Dec 302013

Andy-Palmer-Hazard-of-the-Die-Cover1I’m waaay behind on my music listening this year (watch for some changes to The Oomph in the upcoming months), but I could not let 2013 go by without letting you know about one of the best folk-rock releases to come out of Denver this year: Andy Palmer’s Hazard of the Die.

I first introduced you to Andy Palmer’s gravelly, Tom Waits-esque voice a couple of years back. Since that time, Palmer has continued to mature both in sound and in songwriting, and the proof is found in Hazard, carrying an innovative blend of folk and rock elements (evidenced by everything from a plucky string bass to some searing electric guitar work), and a storytelling songwriting style that belies Palmer’s age. (I don’t actually know his age, just that he’s younger than me. I think.) The record clocks in at just around 30 minutes (a long EP or a short LP, take your pick), but each of the eight songs is packed with character and will merit repeat listens. Favorite moments for me include “The Monk,” “Heart of Colfax” (which contains some of that searing guitar work I mentioned), and “The Defendant,” a colorful look through the eyes of the accused (“Luck is hard if you have my life / And a man in a robe…is rolling my dice.” Love that!) Oh, and the production work from industry vet Warren Huart (Aerosmith, The Fray, Howie Day) doesn’t hurt one bit.

Andy Palmer is currently offering Hazard of the Die on a name-your-price basis on his Bandcamp page–and it’s definitely worth naming a decent price. Meanwhile, check out the video for “The Monk” below and see what you think.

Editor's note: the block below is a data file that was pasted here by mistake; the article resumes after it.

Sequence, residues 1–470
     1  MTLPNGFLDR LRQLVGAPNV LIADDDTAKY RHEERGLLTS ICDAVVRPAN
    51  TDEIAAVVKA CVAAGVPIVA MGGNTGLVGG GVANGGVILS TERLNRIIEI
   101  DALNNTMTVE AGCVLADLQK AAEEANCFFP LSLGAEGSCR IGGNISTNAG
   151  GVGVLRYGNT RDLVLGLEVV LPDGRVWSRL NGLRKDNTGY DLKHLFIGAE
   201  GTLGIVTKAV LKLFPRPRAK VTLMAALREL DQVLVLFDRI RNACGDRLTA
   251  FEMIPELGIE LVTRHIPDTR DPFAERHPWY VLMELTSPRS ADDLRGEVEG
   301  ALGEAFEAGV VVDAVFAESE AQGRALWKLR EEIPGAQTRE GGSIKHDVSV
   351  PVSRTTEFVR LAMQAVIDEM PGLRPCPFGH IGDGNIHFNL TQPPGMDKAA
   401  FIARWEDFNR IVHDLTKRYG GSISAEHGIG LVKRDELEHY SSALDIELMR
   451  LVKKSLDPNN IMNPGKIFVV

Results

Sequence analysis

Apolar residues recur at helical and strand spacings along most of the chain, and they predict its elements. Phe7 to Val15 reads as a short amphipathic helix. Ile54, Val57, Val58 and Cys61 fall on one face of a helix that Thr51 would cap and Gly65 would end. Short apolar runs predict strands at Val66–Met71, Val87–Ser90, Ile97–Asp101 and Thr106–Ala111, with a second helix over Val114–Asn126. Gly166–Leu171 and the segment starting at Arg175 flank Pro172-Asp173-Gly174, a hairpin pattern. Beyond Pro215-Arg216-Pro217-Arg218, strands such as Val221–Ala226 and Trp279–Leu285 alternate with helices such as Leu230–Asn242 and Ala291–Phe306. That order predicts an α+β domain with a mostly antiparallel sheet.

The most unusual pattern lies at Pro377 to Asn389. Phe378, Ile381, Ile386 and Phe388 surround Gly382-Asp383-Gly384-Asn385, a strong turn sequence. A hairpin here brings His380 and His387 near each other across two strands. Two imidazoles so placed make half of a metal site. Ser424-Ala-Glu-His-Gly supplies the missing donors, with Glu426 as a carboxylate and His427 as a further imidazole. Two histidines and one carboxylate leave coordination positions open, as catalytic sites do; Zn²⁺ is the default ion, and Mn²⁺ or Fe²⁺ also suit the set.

Jul 032011

Let’s begin at the beginning: Andy Palmer can’t sing.

I’m serious.

Think Bob Dylan. Think Tom Waits. Think Johnny Cash near the end of his life. That’s singer/songwriter Andy Palmer. All through his record Sometime Around (released under the moniker “Palmer”), he growls, squeaks and strains through the lyrics with a voice that sounds at times twice his age, almost like he spent the last ten hours screaming at the top of his lungs, or like he’s been smoking three packs a day since he was four.

Having said that…his record is excellent.  Sometime Around has high production value and a gritty, folk-rock vibe that stays with you after the songs end–and Palmer’s squeaky/gravelly vocals are just the icing on the cake.

You see, one does not have to achieve vocal perfection in order to be memorable. Solid musicianship, compelling songs and a passionate delivery can often grab and hold a listener’s attention even better than a perfectly executed vocal. Some of the world’s best performers and songwriters can utterly captivate their audience while barely carrying a tune in a bucket.

Think Bob Dylan. Think Tom Waits. Think Johnny Cash, even back when he could sing. That’s Andy Palmer.

Now, don’t misunderstand: I’m not equating Palmer with the stuff of legends–not yet, anyway. This guy is still near the beginning of what could be a long career, and has plenty of room to grow. But besides solid writing and great guitar work, the one thing he’s got going for him is that he’s memorable, and in a good way. Palmer can’t sing–but he also doesn’t sound like anyone else you’ve heard, which gives him an open field. Not legendary yet–but certainly there is enough musical substance here that gives Palmer the potential to connect with a larger audience.

Andy Palmer currently heads up a band in the Denver area called Grub Street Writer, and while his record doesn’t officially release until the fall, it’s actually available now on a name-your-own-price basis from his website. So if you like the sample track below, go pick up the rest of it.

Palmer: “Take It Down”